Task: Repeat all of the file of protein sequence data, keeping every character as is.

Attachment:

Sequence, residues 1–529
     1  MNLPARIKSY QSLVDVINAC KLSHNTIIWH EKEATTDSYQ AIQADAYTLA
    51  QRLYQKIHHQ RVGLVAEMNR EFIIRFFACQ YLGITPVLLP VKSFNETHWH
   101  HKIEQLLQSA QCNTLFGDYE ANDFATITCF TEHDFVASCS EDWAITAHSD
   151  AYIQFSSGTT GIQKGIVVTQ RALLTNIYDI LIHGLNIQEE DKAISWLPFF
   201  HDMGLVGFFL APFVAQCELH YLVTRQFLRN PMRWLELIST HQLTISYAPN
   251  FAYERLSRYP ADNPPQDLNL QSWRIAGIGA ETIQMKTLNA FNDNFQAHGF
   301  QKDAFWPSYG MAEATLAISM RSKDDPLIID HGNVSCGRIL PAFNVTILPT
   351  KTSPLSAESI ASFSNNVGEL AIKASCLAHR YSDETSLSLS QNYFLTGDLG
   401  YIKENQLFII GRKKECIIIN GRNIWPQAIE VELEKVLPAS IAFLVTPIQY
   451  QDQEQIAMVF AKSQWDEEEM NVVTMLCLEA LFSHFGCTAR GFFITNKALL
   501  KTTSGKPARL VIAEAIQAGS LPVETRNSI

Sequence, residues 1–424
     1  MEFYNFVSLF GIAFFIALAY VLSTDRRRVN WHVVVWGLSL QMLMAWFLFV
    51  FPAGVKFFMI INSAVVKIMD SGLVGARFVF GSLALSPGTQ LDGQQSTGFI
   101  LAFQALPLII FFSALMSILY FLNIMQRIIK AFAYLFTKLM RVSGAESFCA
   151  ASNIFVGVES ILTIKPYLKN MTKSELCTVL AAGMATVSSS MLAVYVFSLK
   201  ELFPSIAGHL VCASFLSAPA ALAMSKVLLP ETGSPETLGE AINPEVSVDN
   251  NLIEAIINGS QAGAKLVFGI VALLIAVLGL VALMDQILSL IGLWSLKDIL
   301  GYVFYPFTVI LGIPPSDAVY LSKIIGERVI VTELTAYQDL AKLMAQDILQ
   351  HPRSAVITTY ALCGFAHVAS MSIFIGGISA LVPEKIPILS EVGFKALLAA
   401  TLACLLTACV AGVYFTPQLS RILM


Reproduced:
Sequence, residues 1–529
     1  MNLPARIKSY QSLVDVINAC KLSHNTIIWH EKEATTDSYQ AIQADAYTLA
    51  QRLYQKIHHQ RVGLVAEMNR EFIIRFFACQ YLGITPVLLP VKSFNETHWH
   101  HKIEQLLQSA QCNTLFGDYE ANDFATITCF TEHDFVASCS EDWAITAHSD
   151  AYIQFSSGTT GIQKGIVVTQ RALLTNIYDI LIHGLNIQEE DKAISWLPFF
   201  HDMGLVGFFL APFVAQCELH YLVTRQFLRN PMRWLELIST HQLTISYAPN
   251  FAYERLSRYP ADNPPQDLNL QSWRIAGIGA ETIQMKTLNA FNDNFQAHGF
   301  QKDAFWPSYG MAEATLAISM RSKDDPLIID HGNVSCGRIL PAFNVTILPT
   351  KTSPLSAESI ASFSNNVGEL AIKASCLAHR YSDETSLSLS QNYFLTGDLG
   401  YIKENQLFII GRKKECIIIN GRNIWPQAIE VELEKVLPAS IAFLVTPIQY
   451  QDQEQIAMVF AKSQWDEEEM NVVTMLCLEA LFSHFGCTAR GFFITNKALL
   501  KTTSGKPARL VIAEAIQAGS LPVETRNSI

Sequence, residues 1–424
     1  MEFYNFVSLF GIAFFIALAY VLSTDRRRVN WHVVVWGLSL QMLMAWFLFV
    51  FPAGVKFFMI INSAVVKIMD SGLVGARFVF GSLALSPGTQ LDGQQSTGFI
   101  LAFQALPLII FFSALMSILY FLNIMQRIIK AFAYLFTKLM RVSGAESFCA
   151  ASNIFVGVES ILTIKPYLKN MTKSELCTVL AAGMATVSSS MLAVYVFSLK
   201  ELFPSIAGHL VCASFLSAPA ALAMSKVLLP ETGSPETLGE AINPEVSVDN
   251  NLIEAIINGS QAGAKLVFGI VALLIAVLGL VALMDQILSL IGLWSLKDIL
   301  GYVFYPFTVI LGIPPSDAVY LSKIIGERVI VTELTAYQDL AKLMAQDILQ
   351  HPRSAVITTY ALCGFAHVAS MSIFIGGISA LVPEKIPILS EVGFKALLAA
   401  TLACLLTACV AGVYFTPQLS RILM